A definitive rupture occurred immediately at the mid-morning prayer of Korite (`Īd al-fiṭr) in 1930.49 According to a disciple who was there at the time, some people wanted to attack Baay because of his many disciples, and his older brother, Allaaji Baabakar, brandished a sword (jaasi) and told them to leave him, for in Islam, whoever wants to proclaim can proclaim, and whoever wants to follow can follow, but one must leave alone whomever proclaims.50
Another companion described what happened after Baay left the scene:
After they did the prayer of korite and they had just said “as-salāmu `alaykum,” the sëriñ (Baay) got up with his disciples, . . . and wanted to go home. No one knows how it all started—the fight broke out. . . . The sëriñ was in his room and had with him a géwal (griot), telling him: “say, whoever is my taalibe do not retaliate.”51
After the early afternoon prayer (tisubaar) and the late afternoon prayer (tàkkusaan), a chief in Kaolack who liked Baay a lot told him that if he wanted, he would give him a place to go, and he gave him a place over in Daral. . . . Baay saw the place and said “I won't fit here.” . . . So he continued to Medina [what is now known as Medina Mbàbba]. . . . 52
This suggests that the French authorities were immediately alerted to the situation and were apprised that relocation was the only solution. Another account53 says Baay refused to settle in Daral because he could perceive a lot of noise there, which turned out to be true, because that is where the large sheep market is now located. According to Baay Elimaan Ñas, Baay and several of his companions brought their possessions and placed them in Medina Mbàbba, where they spent the night, then the next morning that moved on to what is now Medina Baay.
The current head of East Medina Mbàbba, Ngisali Njaay,54 insists that his father, Mbàbba Njaay, owned what is now Medina Baay and gave Baay permission to settle there. The Mbóojeen of Coofog insist that their chief, Séeni Mbóoj, son of the Saalum king Gadel Mbóoj, gave Baay this permission, although they say there was tension between them for several years because Baay did not properly seek their permission to expand his territory.55 Those accompanying Baay say the Mbóojeen (not the Njaayeen) did indeed control the area at the time, but that the French were the only ones with the authority to cede land. Doubtless, the French kept a close enough eye on religious leaders that their permission was indispensable, but Baay attempted to maintain good diplomatic relations with all his neighbors and likely discussed his plans with all of them. Baay eventually gave Séeni Mbóoj a very fine horse and accoutrements to smooth over any hard feelings.56 Many members of both families are now Taalibe Baay, and descendants of both families have since intermarried on several occasions.
Not everyone agrees that Baay left for Medina the very day of Korite. Allaaji Bittéy, the other of the two remaining companions from that day, says they were given until Tabaski (`Īd al-Fiṭr), almost two and a half months later, to prepare to leave. Allaaji Abdulaay (Aas) Maxmuud Ñas, a nephew of Baay considered an authority on historical matters, differs from both surviving companions, saying Baay did indeed leave that day but retreated instead to Kóosi, which he had only recently left and from where he then made arrangements with colonial administrators to occupy a new settlement. In any case, Baay and his close companions left well before the bulk of the disciples, many of whom left later and some of whom stayed indefinitely. We can assume that by Tabaski (approximately 9 May, 1930), the time Allaaji Bittéy reports as the deadline set by the rest of the family, Baay and the bulk of his disciples were in Medina Baay.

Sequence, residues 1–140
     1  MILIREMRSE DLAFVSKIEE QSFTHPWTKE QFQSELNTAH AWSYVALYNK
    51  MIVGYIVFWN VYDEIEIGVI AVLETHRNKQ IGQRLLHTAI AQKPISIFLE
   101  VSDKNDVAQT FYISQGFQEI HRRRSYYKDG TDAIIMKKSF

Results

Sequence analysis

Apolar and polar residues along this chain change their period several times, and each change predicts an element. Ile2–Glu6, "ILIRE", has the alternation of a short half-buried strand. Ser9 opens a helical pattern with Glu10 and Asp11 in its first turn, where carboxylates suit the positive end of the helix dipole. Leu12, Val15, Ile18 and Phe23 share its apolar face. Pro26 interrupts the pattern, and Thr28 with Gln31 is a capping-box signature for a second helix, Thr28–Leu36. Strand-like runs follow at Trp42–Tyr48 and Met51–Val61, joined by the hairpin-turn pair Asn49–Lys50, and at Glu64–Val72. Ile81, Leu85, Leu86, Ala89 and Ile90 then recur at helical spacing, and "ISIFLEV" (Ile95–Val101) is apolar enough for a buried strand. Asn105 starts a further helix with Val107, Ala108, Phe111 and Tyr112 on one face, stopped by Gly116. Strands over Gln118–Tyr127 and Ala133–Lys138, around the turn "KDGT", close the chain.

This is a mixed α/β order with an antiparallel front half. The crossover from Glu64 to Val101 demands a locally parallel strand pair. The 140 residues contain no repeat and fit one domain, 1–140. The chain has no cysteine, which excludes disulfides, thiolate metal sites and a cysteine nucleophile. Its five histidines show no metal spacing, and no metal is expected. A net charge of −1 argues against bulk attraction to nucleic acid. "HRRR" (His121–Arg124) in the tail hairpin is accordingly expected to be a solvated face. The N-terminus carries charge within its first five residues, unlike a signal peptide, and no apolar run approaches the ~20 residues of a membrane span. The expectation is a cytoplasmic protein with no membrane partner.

Ousmane Kane (2000) says that during this initial scission, there were in fact three groups: those who went with Baay, a larger number who considered Xalifa their leader, and a third and smaller group that considered Allaaji Abdulaay to be their only leader. Taalibe Baay sometimes adduce the fact that Baay went out to find his own disciples rather than taking his brothers' as a sign of his respect for his elders. This may have been so during the beginning of the Fayḍah, but my own observations lead me to believe that over the years, a large part of these last two groups has gradually become disciples of Baay. Several Saalum-Saalum muqaddams from Eastern Saalum I interviewed who have become disciples of Baay Ñas between the last years of his life until the present told me they come from families that followed Allaaji Abdulaay, although their communities have since become overwhelmingly Taalibe Baay. In Kaolack, Dakar, and many villages throughout Senegal, I have met very few people claiming to be disciples of Allaaji Abdulaay or Xalifa and seen very few posters or other such symbols of discipleship.
Founding Medina Baay Baay's companions say they all spent their first night in Medina Baay under the stars where Baay's room is now the day they left Lewna Ñaseen. According to one, they cleared a space with their bare hands and slept around Baay to protect him from snakes and wild animals through the night.57 As they settled into their new home, the first activities were to build a mosque and a dwelling for Baay, then they cleared the open square (bayaal) between them. Both structures were originally temporary structures made of thatch, wood, and millet stalks, and Baay's house was soon rebuilt with the same mud bricks that he lived under until his death—a fact often cited as a demonstration his humility. Baay evidently was thinking big from the start, having his house placed across from the mosque and tracing a wide open space (bayaal) to be cleared between the two. Many Islamic villages with a clear authority figure have such spaces, but this one was large enough to accommodate thousands who would soon fill it for the annual Gàmmu celebration.